Drugs that induce CYP3A activity (eg, phenobarbital, rifampin, rifabutin) would be expected to increase the clearance of efavirenz resulting in lowered plasma concentrations. Drug interactions with SUSTIVA are summarized in Tables 2 and 7 [for pharmacokinetics data see Clinical Pharmacology (12.3, Tables 8 and 9)]. The tables include potentially significant interactions, but are not all inclusive.

Table 7: Established and Other Potentially Significant Drug Interactions: Alteration in Dose or Regimen May Be Recommended Based on Drug Interaction Studies or Predicted Interaction
Concomitant Drug Class: Drug Name Effect Clinical Comment
* The interaction between SUSTIVA and the drug was evaluated in a clinical study. All other drug interactions shown are predicted.
This table is not all-inclusive.
HIV antiviral agents
Protease inhibitor: Fosamprenavir calcium ↓ amprenavir Fosamprenavir (unboosted): Appropriate doses of the combinations with respect to safety and efficacy have not been established.Fosamprenavir/ritonavir: An additional 100 mg/day (300 mg total) of ritonavir is recommended when SUSTIVA is administered with fosamprenavir/ritonavir once daily. No change in the ritonavir dose is required when SUSTIVA is administered with fosamprenavir plus ritonavir twice daily.
Protease inhibitor: Atazanavir sulfate ↓ atazanavir* Treatment-naive patients: When coadministered with SUSTIVA, the recommended dose of atazanavir is 400 mg with ritonavir 100 mg (together once daily with food) and SUSTIVA 600 mg (once daily on an empty stomach, preferably at bedtime).Treatment-experienced patients: Coadministration of SUSTIVA and atazanavir is not recommended.
Protease inhibitor: Indinavir ↓ indinavir* The optimal dose of indinavir, when given in combination with SUSTIVA, is not known. Increasing the indinavir dose to 1000 mg every 8 hours does not compensate for the increased indinavir metabolism due to SUSTIVA. When indinavir at an increased dose (1000 mg every 8 hours) was given with SUSTIVA (600 mg once daily), the indinavir AUC and Cmin were decreased on average by 33-46% and 39-57%, respectively, compared to when indinavir (800 mg every 8 hours) was given alone.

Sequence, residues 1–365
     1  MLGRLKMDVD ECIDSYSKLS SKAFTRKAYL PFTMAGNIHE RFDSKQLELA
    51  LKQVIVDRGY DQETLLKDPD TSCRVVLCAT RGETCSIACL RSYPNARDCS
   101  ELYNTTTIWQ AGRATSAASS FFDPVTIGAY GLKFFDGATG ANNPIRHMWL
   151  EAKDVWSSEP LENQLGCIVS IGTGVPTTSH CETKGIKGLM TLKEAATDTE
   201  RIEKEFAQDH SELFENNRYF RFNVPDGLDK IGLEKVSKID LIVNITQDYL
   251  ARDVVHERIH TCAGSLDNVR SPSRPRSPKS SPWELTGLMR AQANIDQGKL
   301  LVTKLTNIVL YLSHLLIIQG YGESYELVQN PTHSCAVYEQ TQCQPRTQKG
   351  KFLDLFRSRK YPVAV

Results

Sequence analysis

Protease inhibitor: Lopinavir/ritonavir ↓ lopinavir* Lopinavir/ritonavir tablets should not be administered once daily in combination with SUSTIVA. In antiretroviral-naive patients, lopinavir/ritonavir tablets can be used twice daily in combination with SUSTIVA with no dose adjustment. A dose increase of lopinavir/ritonavir tablets to 600/150 mg (3 tablets) twice daily may be considered when used in combination with SUSTIVA in treatment-experienced patients where decreased susceptibility to lopinavir is clinically suspected (by treatment history or laboratory evidence). A dose increase of lopinavir/ritonavir oral solution to 533/133 mg (6.5 mL) twice daily taken with food is recommended when used in combination with SUSTIVA.
Protease inhibitor: Ritonavir ↑ ritonavir* ↑ efavirenz* When ritonavir 500 mg q12h was coadministered with SUSTIVA 600 mg once daily, the combination was associated with a higher frequency of adverse clinical experiences (eg, dizziness, nausea, paresthesia) and laboratory abnormalities (elevated liver enzymes). Monitoring of liver enzymes is recommended when SUSTIVA is used in combination with ritonavir.
Protease inhibitor: Saquinavir ↓ saquinavir* Should not be used as sole protease inhibitor in combination with SUSTIVA.
NNRTI: Other NNRTIs ↑ or ↓ efavirenzand/or NNRTI Combining two NNRTIs has not been shown to be beneficial. SUSTIVA should not be coadministered with other NNRTIs.
CCR5 co-receptor antagonist: Maraviroc ↓ maraviroc* Refer to the full prescribing information for maraviroc for guidance on coadministration with efavirenz.
Integrase strand transfer inhibitor: Raltegravir ↓ raltegravir* SUSTIVA reduces plasma concentrations of raltegravir. The clinical significance of this interaction has not been directly assessed.
Hepatitis C antiviral agents
Protease inhibitor: Boceprevir ↓ boceprevir* Plasma trough concentrations of boceprevir were decreased when boceprevir was coadministered with SUSTIVA, which may result in loss of therapeutic effect. The combination should be avoided.
Protease inhibitor: Telaprevir ↓ telaprevir* ↓ efavirenz* Concomitant administration of telaprevir and SUSTIVA resulted in reduced steady-state exposures to telaprevir and efavirenz.
Other agents
Anticoagulant: Warfarin ↑ or ↓ warfarin Plasma concentrations and effects potentially increased or decreased by SUSTIVA.
Anticonvulsants: Carbamazepine ↓ carbamazepine* ↓ efavirenz* There are insufficient data to make a dose recommendation for efavirenz. Alternative anticonvulsant treatment should be used.
Phenytoin Phenobarbital ↓ anticonvulsant↓ efavirenz Potential for reduction in anticonvulsant and/or efavirenz plasma levels; periodic monitoring of anticonvulsant plasma levels should be conducted.